These colorful views made Moisant a hit with reporters, and once the Belmont Park meet got underway on October 22, his brazen flying turned him into the fans’ favorite, too. Even though conditions in the first few days of the meet were wet and windy, Moisant still put on a show for the crowd while other aviators cowered in their hangars. Such audactity didn’t sit well with his rivals. The Wrights’ top pilot, Walter Brookins, described Moisant’s flight across the English Channel as “foolish,” adding: “He’s lucky he didn’t break his neck…an aviator must acquire a fine judgment of direction, of speed and of distance.”

Moisant knew he had no chance of challenging for the blue ribbon event of the meet, the International Aviation Cup (20 laps of a five-kilometer course), because his 50-horsepower Blériot monoplane lacked the power of the British and French 100-horsepower machines. Instead Moisant had his eyes on another prize—the $10,000 Statue of Liberty race. The event was the brainchild of a New York businessman, Thomas Ryan, who a fortnight earlier had suggested to the organizers a race from Belmont Park to the Statue of Liberty and back. The safest route—cross-country to the sea and then along the coastline—was approximately 66 miles, whereas the direct route was only 33 miles. But as the New York Times pointed out, the shortcut would take the aviators “over the populous sections of South Brooklyn.”

Wilbur Wright was aghast at the idea, telling reporters he was “strongly opposed to flying over cities…. While it is an aviator’s own business whether he decides or not to risk his own neck, he has no right to endanger the lives of others.” The Wright brothers forbade any of their aviators from entering the race on October 30.

In the end only three pilots entered the Statue of Liberty race: Count Jacques de Lesseps, a French aristocrat, Claude Grahame-White, the dashing Englishman who had won the International Aviation Cup the day before, and Moisant. According to one newspaper report, “fully one million persons in all neighborhoods of the city” were on the streets waiting for the race to pass overhead. The three fliers took off at staggered intervals, de Lesseps the first to leave and Moisant the last. The Frenchman completed the course in 41 minutes, Grahame-White six minutes faster, and Moisant returned in 34 minutes and 38 seconds, shaving 43 seconds off the Englishman’s time after taking a more direct route than his rivals. The 75,000 spectators in Belmont Park went wild.

Enriched with the money he’d made from the Meet, Moisant formed a traveling show, the “Moisant International Aviators” (one of whom was the famous French pilot Roland Garros), and for the rest of the year they toured the United States thrilling fans with aeronautical acrobatics. In late December they were in New Orleans, where Moisant was soon eyeing a $4,000 prize tabled by the French tire manufacturer, Andre Michelin, for the longest sustained flight of the year. Moisant planned to turn his attention to manufacturing his aluminum airplanes in 1911, the protype of which he had already tested. But some of his team were becoming concerned by Moisant’s increasing recklessness in the air. His business manager, Albert Levino, told him to be more prudent. Moisant shrugged off the advice, saying, “I don’t expect to die in an airplane flight.”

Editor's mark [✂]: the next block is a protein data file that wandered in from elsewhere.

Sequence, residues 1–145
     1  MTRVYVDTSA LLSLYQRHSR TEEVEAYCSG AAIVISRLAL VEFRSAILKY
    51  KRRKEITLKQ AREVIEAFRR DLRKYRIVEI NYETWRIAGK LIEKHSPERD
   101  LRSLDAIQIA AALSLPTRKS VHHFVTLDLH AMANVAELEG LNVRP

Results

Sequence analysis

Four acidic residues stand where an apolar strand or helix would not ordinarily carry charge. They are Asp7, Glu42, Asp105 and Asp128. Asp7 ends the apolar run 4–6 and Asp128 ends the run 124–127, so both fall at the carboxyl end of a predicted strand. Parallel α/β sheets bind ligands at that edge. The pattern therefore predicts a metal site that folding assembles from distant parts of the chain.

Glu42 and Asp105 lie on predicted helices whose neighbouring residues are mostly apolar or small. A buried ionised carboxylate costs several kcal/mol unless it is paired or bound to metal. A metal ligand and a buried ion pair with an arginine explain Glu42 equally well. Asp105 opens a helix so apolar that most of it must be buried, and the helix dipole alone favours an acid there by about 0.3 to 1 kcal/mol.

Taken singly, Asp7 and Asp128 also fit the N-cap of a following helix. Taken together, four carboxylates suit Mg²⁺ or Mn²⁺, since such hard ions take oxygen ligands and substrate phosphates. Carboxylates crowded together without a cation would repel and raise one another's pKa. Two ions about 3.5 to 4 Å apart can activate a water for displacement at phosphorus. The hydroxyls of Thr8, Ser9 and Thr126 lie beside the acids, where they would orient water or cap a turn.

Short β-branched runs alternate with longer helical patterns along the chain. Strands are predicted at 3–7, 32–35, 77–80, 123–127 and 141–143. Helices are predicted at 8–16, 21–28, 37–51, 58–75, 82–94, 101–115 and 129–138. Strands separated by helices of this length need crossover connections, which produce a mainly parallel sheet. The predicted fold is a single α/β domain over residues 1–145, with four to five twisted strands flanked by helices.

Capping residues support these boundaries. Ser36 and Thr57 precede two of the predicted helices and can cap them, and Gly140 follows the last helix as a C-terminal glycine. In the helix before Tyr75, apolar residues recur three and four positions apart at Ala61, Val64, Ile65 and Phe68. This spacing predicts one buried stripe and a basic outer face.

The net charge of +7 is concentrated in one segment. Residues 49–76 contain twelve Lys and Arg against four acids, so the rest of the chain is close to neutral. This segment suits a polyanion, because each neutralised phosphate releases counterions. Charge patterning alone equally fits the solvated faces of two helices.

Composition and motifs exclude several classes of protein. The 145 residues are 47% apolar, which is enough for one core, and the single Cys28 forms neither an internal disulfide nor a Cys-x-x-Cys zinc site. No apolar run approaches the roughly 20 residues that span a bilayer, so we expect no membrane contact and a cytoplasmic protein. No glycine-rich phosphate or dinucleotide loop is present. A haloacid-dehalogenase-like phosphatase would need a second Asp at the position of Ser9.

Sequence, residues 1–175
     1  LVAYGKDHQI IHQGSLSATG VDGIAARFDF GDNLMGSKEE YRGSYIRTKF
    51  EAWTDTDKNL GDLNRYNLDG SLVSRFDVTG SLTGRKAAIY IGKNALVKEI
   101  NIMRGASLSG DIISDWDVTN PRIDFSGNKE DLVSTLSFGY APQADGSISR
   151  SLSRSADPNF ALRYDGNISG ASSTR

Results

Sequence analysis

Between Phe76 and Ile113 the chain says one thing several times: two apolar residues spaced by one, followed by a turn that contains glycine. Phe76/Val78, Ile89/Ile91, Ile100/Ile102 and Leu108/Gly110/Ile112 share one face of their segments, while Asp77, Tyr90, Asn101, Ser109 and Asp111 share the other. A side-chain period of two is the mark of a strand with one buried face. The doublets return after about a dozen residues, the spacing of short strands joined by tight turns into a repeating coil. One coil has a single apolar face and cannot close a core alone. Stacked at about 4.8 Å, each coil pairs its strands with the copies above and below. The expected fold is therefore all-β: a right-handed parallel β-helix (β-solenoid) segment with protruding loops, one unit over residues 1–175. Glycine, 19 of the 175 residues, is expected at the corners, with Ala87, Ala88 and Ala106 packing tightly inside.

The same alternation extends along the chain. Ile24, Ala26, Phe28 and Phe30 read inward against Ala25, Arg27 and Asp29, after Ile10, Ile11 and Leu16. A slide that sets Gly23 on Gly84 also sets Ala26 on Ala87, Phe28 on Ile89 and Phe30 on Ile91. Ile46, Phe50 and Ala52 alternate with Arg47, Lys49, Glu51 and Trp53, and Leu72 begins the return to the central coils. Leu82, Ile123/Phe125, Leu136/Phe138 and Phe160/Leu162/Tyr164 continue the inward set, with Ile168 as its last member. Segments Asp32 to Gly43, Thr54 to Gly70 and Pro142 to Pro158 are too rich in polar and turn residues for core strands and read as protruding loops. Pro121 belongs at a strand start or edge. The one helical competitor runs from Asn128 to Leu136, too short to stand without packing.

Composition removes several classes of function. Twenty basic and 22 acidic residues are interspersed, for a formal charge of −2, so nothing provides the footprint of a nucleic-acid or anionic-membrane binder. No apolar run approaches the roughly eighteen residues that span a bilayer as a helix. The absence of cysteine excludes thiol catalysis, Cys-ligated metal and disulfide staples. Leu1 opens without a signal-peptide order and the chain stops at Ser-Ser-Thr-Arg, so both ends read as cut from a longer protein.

Moisant woke early on the morning of Saturday, December 31, in more of a frenzy of activity than usual. He had only a few hours before the window closed on Michelin’s prize. He took-off at 10 a.m. from New Orleans’ City Park aviation field, and began to entertain the crowd with some characteristically daring stunts. Suddenly his machine got caught in an air pocket and plunged nose-first into the ground. The first people to reach the wreckage were a group of railroad laborers who found Moisant lying in some long grass, without a bruise on his body, and with not the “slightest trace of fear or pain” on his face. His neck was broken and death had been instantaneous.

Where Moisant met his end was later transformed into land for cattle, and the owners named them the Moisant Stock Yards in honour of the aviator. Later they sold the 1,360 acres to the New Orleans authorities, who turned them into an airfield called Moisant’s Field by 1946, when the city’s first commercial air service began. In 2001 it became the Louis Armstrong New Orleans International Airport.

So next time you see the letters MSY on your flight tag, spare a thought for John Moisant, the most visionary man in American aviation a century ago. Shortly before his death he was asked by a reporter if he seriously believed the aluminum airplane had a future. “That’s one of the greatest troubles with airplanes today, and the reason they are not safer and a greater commercial possibility,” replied Moisant. “Their construction is too frail and there are too many wires and the wings are too flimsy. Would you expect an automobile to be safe if it had a canvas body and a lot of little wires to work it by?”